with the described method. Note that the fitted value of contact
resistivity is below the critical value of 1.24 × 10−8Ω · m2
used in the modeling in Section IV and compares favorably
with others’ measured values reported in , , , ,
and –. Next, it is assumed that both the p- and n-type
materials have the same Seebeck coefficient magnitude, which
is adjusted so that the measured optimum current matches
the simulated value. Finally, the thermal conductivity of the
TE material is adjusted to match the magnitude of the max-
imum simulated ΔT with the measured results. The model
used included the SiO2 membrane, which was assumed to
have a thermal conductivity of 1.15 W/(m · K). For Version 1
of the six-stage cooler, the estimated Seebeck coefficient
was 180 μV/K, and the estimated thermal conductivity was
1 W/(m · K). Version 2 also indicated a thermal conductivity
of 1 W/(m · K), but its Seebeck coefficient was lower at
166 μV/K. This variation in TE material properties is likely
due to inaccurate control of material flux rates and substrate
temperature inside the deposition chamber. To understand how
the structure of the cooler affected the overall results, the
ideal model was fitted to the data and used to calculate an
effective Z. In effect, this calculation poses the question: In
the absence of parasitic thermal conductance and Joule heating,
what figure of merit would produce a six-stage cooler with the
measured performance curve? The performance of Version 1
is replicated using a TE material with an effective Z of 1.6 ×
10−4K−1, corresponding to an effective ZT of 0.048 at 300 K.
Version 2 fared slightly better, requiring material with an ef-
fective Z of 2.2 × 10−4K−1or an effective ZT of 0.066 at
300 K. However, both effective ZT values are low compared
to the intrinsic material properties shown in Table II. This
indicates that the TE material is not being effectively utilized
in these coolers. As already discussed, this is most likely due to
the supportive oxide used in the inner stages.
The one-stage cooler was able to achieve a temperature
differential of 17.9 K at a current input of 8.5 mA, as shown in
Fig. 7. The effective Z was calculated for the one-stage cooler
to be 4.6 × 10−4K−1, corresponding to a ZT of 0.13. While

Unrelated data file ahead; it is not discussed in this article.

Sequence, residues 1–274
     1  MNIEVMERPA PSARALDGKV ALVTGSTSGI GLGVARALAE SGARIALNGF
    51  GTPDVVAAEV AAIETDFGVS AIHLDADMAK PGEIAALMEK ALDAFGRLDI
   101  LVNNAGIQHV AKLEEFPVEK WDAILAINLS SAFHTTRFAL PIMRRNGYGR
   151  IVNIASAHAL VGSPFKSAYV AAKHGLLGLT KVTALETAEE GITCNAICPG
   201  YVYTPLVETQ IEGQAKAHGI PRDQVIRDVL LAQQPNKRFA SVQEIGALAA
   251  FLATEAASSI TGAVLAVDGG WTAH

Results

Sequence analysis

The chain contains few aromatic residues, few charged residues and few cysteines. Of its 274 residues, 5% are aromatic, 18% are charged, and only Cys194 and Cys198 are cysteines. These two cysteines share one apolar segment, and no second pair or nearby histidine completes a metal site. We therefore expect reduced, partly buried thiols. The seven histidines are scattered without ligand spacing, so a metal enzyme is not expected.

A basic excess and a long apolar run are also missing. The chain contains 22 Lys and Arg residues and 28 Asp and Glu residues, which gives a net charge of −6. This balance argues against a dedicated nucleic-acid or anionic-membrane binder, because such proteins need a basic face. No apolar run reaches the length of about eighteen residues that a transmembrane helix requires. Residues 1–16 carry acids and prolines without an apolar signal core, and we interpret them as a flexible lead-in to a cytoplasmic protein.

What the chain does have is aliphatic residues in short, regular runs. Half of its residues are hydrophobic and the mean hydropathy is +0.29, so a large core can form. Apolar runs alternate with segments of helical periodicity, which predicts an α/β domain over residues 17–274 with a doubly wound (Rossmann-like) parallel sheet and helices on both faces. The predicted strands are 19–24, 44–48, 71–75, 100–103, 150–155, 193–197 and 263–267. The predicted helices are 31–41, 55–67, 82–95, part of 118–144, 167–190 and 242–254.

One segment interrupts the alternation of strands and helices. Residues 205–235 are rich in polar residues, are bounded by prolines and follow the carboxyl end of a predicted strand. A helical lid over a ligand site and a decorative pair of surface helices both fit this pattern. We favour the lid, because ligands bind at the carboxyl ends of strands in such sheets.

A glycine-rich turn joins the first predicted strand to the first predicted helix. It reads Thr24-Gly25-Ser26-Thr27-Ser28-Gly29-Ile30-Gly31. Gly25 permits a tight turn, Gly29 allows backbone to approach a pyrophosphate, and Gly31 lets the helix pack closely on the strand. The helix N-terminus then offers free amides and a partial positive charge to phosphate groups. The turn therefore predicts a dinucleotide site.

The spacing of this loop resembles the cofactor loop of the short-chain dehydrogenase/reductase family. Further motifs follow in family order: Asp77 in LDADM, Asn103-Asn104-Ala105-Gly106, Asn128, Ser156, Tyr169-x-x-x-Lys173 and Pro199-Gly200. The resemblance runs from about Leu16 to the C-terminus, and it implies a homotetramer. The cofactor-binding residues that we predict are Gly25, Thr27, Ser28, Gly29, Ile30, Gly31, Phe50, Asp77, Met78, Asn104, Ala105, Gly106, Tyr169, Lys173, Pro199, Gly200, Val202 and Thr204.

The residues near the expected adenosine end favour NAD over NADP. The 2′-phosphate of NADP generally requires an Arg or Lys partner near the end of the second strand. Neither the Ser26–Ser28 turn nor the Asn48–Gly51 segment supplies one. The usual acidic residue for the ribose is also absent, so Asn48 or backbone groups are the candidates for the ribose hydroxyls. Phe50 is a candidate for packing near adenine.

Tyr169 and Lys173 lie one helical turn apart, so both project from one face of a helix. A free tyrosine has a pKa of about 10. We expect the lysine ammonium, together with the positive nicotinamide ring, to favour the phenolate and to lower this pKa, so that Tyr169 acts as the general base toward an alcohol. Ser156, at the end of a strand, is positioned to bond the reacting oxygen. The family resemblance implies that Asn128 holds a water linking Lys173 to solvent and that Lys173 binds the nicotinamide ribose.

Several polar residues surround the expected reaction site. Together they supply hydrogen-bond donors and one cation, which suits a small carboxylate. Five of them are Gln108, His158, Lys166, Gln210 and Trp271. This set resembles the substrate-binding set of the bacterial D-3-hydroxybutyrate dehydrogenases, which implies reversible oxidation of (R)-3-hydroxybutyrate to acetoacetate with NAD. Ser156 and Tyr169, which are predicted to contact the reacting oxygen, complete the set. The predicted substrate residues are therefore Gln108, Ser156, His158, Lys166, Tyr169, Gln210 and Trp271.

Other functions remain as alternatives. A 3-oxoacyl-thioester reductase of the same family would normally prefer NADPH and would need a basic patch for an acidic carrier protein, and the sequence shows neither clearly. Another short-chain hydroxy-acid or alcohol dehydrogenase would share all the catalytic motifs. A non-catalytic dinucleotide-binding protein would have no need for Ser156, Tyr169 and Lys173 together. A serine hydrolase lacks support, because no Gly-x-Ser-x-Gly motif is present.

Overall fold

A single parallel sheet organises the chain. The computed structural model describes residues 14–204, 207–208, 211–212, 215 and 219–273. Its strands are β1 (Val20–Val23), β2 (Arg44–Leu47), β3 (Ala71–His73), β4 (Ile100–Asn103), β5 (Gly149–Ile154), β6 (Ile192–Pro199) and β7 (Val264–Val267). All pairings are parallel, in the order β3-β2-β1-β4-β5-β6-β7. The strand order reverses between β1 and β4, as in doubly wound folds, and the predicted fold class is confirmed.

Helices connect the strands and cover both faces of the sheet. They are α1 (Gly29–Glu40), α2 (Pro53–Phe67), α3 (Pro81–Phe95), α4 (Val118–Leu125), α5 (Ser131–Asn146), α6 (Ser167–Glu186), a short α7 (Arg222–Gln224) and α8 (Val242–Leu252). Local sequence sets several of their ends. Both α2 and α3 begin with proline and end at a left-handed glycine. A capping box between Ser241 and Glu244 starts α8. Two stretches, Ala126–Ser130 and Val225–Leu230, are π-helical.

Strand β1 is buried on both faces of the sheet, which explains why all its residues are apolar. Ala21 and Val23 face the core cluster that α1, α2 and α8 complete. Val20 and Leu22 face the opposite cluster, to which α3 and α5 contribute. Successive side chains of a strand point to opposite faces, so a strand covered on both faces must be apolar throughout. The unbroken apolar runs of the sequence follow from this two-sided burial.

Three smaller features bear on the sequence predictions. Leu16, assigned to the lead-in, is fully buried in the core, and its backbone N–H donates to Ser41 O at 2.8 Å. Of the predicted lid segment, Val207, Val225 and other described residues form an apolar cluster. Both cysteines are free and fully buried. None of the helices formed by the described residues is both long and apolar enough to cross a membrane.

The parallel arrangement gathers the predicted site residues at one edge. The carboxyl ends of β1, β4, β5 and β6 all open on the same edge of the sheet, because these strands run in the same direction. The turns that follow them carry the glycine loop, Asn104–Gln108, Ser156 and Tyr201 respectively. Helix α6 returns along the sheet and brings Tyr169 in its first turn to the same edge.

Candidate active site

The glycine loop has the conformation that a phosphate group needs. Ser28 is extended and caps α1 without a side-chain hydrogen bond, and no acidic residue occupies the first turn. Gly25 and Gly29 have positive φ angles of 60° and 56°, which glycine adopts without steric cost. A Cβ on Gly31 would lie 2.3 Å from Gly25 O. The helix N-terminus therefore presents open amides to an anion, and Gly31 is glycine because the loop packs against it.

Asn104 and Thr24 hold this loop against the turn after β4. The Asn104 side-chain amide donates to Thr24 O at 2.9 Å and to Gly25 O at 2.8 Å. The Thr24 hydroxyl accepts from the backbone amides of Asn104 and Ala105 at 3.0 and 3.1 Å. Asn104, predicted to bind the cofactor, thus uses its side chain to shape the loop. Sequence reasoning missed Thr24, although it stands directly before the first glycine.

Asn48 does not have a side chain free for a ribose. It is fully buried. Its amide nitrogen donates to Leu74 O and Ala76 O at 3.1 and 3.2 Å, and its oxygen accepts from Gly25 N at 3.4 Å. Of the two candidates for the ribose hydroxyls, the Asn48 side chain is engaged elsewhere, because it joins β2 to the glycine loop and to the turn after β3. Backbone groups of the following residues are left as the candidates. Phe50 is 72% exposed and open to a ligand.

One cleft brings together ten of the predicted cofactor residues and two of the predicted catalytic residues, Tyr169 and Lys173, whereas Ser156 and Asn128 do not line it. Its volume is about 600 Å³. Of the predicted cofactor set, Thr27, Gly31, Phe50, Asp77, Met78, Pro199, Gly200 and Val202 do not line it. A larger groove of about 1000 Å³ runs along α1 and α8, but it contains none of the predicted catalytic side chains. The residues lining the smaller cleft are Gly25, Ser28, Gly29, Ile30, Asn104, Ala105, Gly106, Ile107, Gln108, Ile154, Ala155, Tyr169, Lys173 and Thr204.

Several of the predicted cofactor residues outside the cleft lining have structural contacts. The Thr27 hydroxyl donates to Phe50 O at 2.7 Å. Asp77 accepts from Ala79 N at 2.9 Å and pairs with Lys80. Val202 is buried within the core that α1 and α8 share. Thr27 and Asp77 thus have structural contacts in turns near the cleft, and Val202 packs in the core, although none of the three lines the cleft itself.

significantly closer to the measured intrinsic value, this low
number indicates that the performance of the one-stage cooler
is also hampered by parasitic effects due to contact resistance
and the presence of the oxide membrane. Using the same curve-
fitting technique described previously, the average Seebeck
coefficient was found to be 185 μV/K, again with an estimated
thermal conductivity of 1 W/(m · K). This Seebeck coefficient
is larger than the value found for the Version-2 six-stage
cooler described previously, even though both were fabricated
simultaneously on the same wafer. However, it has previously
been shown that the Seebeck coefficient of the coevaporated
thin films is closely related to the temperature of the substrate
during deposition . In the six-stage cooler, the center stages
are highly isolated from the substrate, and thus, the temper-
ature of the inner stages may vary from the temperature of
the outer stages and the single-stage cooler during deposition.
This likely degrades the quality of the material at the inner
stages. Parametric analysis of the one-stage cooler was used to
estimate the fitting error for material properties: ±2% for the
Seebeck coefficient, ±5% for the TE thermal conductivity and
TE resistivity, and ±10% for contact resistivity.
Finally, both the one- and six-stage designs were tested under
thermal loads. The resistive temperature sensor supplied loads
of varying magnitude. As the thermal load was raised, both
coolers were able to generate higher differences in temperature
between the OFF state and the optimum current (maximum ΔT)
point. In addition, both the coolers exhibited an increase in the
magnitude of the optimal current. With the cooler off, a 50-mW
resistive heating load was applied, raising the center of the
one-stage device to 450.3 K. When a current was applied,
Iopt was found to have increased to 12 mA, and the center
region was cooled to 415.0 K. This represents a change of
35.3 K, compared to only 18.0 K using an 8-mA current when
the device was loaded with 100 μW. Similarly, with a 25-mW
load, the six-stage device was able to reduce the temperature of
the cooler region from 494.9 K to 465.8 K, a change of 29.1 K
with an optimum current of 7 mA. This apparent improvement
in performance is a result of the temperature dependence of
ΔTmax, as described by (1). Fig. 8 shows this effect for both the
one- and six-stage coolers. The data from the one-stage cooler
1208JOURNAL OF MICROELECTROMECHANICAL SYSTEMS, VOL. 20, NO. 5, OCTOBER 2011
are shown in Fig. 8(a) along with curves fitted to the ideal cool-
ing equations. The change in temperature of the center stage is
fit to (1) and results in a calculated Z = 4.3 × 10−4± 2.6 ×
10−5K−1with a 95% confidence interval. This corresponds
to ZT of 0.13 ± 0.007, which is identical to the ZT value
calculated previously for the one-stage cooler. The relationship
between temperature and the optimum current was fit to (4) and
produced αS/Re= 2.87 × 10−5± 5 × 10−7A · K−1, which
fits the data with a sum-of-square error of 5.56 × 10−8. The
excellent fit suggests that the one-stage cooler obeys the ideal
equations (1)–(5). The data for the six-stage cooler are shown
in Fig. 8(b). However, because the six-stage cooler is more
complex, the aforementioned equations are too simplistic to
model the relationship between ΔT and Ioptand Tcenter, and it
is therefore difficult to extract a value of effective Z from these
Lower thermal loads were used to measure the thermal
resistance of the total structure. The one-stage cooler increased
its temperature by 2.7 K upon application of a 1-mW load,